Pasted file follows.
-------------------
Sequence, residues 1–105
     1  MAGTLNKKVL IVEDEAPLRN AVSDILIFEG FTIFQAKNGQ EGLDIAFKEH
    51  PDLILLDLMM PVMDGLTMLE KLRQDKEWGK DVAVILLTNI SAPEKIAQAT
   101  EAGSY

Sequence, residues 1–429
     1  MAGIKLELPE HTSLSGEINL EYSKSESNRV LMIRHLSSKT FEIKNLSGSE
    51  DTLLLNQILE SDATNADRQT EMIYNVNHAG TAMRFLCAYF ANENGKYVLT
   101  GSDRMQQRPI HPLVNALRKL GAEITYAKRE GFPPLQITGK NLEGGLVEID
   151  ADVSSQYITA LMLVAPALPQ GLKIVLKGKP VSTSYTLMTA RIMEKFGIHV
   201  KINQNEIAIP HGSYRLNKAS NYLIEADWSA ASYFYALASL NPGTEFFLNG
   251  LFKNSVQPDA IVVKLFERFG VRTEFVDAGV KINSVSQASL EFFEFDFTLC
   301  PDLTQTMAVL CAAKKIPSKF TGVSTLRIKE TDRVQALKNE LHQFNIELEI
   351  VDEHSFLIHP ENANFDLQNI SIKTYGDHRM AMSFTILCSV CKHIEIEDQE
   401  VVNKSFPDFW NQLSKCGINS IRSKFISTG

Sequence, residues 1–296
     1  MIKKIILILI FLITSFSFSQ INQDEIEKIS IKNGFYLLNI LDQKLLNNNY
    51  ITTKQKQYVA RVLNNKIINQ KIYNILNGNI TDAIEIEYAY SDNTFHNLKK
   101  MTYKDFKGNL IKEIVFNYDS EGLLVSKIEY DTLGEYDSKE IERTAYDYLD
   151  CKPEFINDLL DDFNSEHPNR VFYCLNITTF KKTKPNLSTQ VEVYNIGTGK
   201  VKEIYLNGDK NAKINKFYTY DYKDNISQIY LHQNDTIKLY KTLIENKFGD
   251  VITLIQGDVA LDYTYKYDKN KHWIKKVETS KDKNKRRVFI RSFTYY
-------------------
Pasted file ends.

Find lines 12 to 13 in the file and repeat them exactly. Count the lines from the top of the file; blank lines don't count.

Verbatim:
   301  PDLTQTMAVL CAAKKIPSKF TGVSTLRIKE TDRVQALKNE LHQFNIELEI
   351  VDEHSFLIHP ENANFDLQNI SIKTYGDHRM AMSFTILCSV CKHIEIEDQE